Re: Unicode 6.2 to Support the Turkish Lira Sign

From: Jukka K. Korpela <>
Date: Tue, 29 May 2012 13:37:15 +0300

2012-05-29 11:43, Asmus Freytag wrote:

> Sovereign countries are free to decree currency symbols,

Everyone and his brother can decree a currency symbol, too, or some
other symbol.

> The simple fact is, the usage scenario for currency symbols is such that
> immediate availability as character code is required by a whole country
> (and its partners in commerce).

It may be true, or valid, but it is neither simple nor a fact. It is a
conclusion drawn from rather abstract premises, not something
immediately observable and objective, i.e. a fact.

“Immediate availability” is an illusion, as I have pointed out. If you
mean that the character, as a coded character, should be immediately
available for implementors to use, then it’s a different thing. Judgment
call, not a fact.

> Kvetching doesn't make a difference, it just reflects badly - especially
> if it comes from anyone whose country happens to have its currency
> "covered".

This is not about currencies; it is about currency symbols. And it’s not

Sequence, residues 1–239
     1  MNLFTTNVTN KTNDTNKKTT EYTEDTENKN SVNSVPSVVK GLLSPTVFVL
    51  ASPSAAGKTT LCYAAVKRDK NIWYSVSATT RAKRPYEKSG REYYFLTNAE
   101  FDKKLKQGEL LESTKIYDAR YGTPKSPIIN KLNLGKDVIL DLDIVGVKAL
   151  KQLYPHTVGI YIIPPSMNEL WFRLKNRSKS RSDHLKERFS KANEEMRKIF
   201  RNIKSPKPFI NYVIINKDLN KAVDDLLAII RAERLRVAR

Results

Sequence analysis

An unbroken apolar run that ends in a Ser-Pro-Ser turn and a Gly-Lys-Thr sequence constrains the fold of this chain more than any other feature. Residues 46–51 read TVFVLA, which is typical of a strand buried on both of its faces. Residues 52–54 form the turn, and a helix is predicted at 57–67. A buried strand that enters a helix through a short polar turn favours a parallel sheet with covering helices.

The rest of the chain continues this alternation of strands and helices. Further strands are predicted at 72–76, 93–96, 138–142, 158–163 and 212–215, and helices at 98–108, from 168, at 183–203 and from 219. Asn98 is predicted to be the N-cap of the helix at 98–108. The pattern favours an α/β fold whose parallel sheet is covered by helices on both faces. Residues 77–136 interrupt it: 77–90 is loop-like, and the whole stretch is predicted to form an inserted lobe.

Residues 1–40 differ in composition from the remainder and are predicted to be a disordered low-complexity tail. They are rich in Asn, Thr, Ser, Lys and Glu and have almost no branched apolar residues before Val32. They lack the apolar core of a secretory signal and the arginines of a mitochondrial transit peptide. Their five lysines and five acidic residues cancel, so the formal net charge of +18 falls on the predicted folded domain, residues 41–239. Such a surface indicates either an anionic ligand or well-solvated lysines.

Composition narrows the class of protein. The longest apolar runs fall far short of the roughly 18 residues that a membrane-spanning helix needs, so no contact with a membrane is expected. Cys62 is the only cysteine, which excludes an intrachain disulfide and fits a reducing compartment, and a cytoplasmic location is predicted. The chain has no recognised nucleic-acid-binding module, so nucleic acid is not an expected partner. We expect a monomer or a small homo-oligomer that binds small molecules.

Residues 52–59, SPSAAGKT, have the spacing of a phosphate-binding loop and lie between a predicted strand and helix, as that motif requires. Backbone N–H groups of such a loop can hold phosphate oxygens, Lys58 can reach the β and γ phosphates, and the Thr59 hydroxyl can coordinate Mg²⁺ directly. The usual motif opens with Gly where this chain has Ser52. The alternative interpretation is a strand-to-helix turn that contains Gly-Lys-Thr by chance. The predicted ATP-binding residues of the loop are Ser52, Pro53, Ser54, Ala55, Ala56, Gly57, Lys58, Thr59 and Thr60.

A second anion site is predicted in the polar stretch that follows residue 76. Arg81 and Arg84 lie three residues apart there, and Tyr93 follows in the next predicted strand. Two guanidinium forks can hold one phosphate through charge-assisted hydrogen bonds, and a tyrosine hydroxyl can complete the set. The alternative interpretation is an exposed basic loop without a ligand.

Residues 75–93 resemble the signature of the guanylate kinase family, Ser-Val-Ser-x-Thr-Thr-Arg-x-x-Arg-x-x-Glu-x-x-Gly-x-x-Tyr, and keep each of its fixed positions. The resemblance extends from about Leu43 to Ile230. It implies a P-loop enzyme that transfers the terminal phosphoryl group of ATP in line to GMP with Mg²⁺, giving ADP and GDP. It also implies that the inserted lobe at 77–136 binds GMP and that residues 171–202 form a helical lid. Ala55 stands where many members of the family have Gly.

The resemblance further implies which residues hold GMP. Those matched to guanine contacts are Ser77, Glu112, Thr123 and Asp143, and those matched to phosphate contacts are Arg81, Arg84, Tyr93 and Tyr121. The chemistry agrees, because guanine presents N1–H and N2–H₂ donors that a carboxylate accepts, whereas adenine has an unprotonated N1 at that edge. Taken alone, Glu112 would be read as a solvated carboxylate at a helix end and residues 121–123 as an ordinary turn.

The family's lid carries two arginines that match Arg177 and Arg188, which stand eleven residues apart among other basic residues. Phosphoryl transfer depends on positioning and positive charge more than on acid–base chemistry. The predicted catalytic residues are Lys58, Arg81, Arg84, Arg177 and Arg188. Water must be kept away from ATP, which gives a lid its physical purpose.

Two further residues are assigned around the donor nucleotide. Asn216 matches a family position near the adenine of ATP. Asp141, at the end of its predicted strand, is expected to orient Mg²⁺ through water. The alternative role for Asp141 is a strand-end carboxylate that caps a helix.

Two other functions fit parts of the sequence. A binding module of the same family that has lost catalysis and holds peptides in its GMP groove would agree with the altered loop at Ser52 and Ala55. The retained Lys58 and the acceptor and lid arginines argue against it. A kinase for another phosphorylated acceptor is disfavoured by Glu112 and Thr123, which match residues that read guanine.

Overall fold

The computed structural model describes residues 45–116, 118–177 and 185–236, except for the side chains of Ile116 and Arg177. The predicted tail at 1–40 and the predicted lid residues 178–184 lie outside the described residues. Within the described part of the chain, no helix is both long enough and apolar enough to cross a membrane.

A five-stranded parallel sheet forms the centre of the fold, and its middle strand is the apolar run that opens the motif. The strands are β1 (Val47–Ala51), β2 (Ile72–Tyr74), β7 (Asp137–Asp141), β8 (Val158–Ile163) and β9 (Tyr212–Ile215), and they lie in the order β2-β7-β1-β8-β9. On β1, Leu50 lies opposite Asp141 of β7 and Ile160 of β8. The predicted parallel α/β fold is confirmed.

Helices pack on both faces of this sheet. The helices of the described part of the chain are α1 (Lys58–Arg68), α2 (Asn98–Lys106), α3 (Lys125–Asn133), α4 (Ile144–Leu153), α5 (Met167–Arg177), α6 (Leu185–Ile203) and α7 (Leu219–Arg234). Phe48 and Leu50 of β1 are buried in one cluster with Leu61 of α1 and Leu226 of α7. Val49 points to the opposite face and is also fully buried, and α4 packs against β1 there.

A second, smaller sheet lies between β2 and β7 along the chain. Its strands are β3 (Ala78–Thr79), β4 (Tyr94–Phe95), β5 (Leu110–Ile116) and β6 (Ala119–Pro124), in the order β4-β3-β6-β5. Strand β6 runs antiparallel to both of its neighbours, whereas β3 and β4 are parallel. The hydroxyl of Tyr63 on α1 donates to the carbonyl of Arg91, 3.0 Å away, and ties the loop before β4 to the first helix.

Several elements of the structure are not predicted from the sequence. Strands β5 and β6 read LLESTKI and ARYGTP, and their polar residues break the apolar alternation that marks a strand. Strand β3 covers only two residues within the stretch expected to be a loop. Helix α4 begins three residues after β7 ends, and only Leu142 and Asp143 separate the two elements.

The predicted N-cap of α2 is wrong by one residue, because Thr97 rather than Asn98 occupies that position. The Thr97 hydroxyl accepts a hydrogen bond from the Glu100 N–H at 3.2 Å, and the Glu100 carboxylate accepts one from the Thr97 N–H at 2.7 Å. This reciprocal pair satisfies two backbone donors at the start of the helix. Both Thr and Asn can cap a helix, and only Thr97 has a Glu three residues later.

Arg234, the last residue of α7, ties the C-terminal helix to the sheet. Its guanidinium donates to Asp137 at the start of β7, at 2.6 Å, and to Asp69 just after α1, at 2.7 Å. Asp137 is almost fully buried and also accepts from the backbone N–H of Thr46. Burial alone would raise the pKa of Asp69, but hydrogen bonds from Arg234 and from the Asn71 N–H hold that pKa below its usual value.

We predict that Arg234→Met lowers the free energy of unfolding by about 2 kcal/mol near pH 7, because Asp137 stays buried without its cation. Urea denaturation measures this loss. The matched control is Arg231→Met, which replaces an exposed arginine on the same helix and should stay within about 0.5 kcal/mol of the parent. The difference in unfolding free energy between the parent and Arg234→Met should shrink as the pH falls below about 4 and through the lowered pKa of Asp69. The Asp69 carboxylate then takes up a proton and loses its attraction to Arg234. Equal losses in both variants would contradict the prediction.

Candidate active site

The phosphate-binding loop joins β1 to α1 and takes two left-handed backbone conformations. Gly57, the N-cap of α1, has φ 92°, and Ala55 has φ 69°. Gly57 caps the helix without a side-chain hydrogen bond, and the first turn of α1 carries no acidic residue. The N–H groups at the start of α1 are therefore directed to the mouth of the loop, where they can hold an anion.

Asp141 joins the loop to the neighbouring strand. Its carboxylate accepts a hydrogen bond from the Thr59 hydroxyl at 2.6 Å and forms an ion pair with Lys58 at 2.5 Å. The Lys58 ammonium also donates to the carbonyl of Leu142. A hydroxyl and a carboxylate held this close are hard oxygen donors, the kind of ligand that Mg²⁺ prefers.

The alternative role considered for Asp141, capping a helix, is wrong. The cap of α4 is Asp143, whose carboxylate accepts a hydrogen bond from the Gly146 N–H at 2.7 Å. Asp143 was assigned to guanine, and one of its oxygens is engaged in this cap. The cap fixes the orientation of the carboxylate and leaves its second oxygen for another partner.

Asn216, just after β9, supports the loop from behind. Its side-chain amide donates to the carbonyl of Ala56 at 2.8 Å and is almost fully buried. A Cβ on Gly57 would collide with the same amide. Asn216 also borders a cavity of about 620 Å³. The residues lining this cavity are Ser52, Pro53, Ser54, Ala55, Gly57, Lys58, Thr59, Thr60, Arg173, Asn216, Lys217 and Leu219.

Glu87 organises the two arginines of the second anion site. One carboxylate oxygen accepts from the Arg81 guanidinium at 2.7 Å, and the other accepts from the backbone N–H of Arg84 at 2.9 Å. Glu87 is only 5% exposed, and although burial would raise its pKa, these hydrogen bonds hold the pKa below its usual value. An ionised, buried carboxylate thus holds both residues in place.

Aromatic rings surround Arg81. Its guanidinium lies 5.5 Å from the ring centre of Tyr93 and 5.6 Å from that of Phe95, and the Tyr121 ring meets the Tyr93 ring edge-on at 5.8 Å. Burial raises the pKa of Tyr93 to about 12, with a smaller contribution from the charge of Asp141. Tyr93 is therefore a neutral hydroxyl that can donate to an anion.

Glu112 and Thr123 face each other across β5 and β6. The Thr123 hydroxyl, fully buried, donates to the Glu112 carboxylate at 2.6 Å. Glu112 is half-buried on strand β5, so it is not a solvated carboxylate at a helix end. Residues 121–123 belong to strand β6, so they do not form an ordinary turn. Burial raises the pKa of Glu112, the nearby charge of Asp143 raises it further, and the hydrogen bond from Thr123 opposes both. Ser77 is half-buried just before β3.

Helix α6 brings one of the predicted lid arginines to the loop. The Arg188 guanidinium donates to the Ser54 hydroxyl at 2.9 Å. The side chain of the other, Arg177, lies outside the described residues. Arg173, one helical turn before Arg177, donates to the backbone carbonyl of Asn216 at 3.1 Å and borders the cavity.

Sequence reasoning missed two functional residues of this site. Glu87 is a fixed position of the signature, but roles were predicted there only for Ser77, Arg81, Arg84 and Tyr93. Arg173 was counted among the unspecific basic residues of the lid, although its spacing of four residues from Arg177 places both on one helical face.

a casual oddity that some symbols like “$” and “£” are “covered.” They
are in Unicode, and mostly available in fonts, and often recognized by
programs and people properly as being in the currency symbol category,
because they have been used such a long time.

Surely it makes sense to acknowledge that some large community is going
to use a new symbol, even in text, and encode it in Unicode. We can just
hope that people realize that this won’t magically make it “work.” It’s
just a small technicality that lets implementors start using an assigned
code point, instead of Private Use codepoints or, worse still,
codepoints assigned to other characters. In software design, this is a
minor detail, effectively the value of one parameter.

So what’s disturbing here is the apparently political move of giving one
particular symbol a high priority in a manner that affects the whole
process. The process of adopting new characters to Unicode may be slow,
but I guess there are reasons behind this. It’s disproportionate to
regard a currency symbol as an emergency case. It sets a questionable

Received on Tue May 29 2012 - 05:40:30 CDT

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